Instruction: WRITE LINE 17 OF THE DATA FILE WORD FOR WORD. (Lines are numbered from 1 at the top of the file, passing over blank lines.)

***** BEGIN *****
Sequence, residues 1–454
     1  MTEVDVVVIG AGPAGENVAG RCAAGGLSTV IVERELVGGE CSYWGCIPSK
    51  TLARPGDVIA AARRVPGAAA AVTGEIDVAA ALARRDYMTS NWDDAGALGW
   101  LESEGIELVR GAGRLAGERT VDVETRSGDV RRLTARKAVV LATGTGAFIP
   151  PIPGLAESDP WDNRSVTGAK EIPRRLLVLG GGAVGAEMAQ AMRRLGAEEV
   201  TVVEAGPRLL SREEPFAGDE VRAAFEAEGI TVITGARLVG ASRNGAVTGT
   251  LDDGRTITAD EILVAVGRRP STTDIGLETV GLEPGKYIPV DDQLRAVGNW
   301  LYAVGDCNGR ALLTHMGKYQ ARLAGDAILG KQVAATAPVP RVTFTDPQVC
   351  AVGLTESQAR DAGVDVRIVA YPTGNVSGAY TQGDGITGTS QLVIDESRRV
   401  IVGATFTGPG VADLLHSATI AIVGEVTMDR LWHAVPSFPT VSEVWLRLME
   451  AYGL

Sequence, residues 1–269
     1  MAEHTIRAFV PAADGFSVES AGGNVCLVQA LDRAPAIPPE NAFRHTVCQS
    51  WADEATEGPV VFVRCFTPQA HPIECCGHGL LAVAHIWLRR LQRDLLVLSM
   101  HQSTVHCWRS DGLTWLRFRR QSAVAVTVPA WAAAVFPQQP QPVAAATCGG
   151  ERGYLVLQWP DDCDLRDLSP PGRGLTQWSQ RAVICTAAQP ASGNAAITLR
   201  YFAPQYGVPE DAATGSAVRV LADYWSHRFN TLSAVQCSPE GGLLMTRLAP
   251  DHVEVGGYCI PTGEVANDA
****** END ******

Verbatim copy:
   201  YFAPQYGVPE DAATGSAVRV LADYWSHRFN TLSAVQCSPE GGLLMTRLAP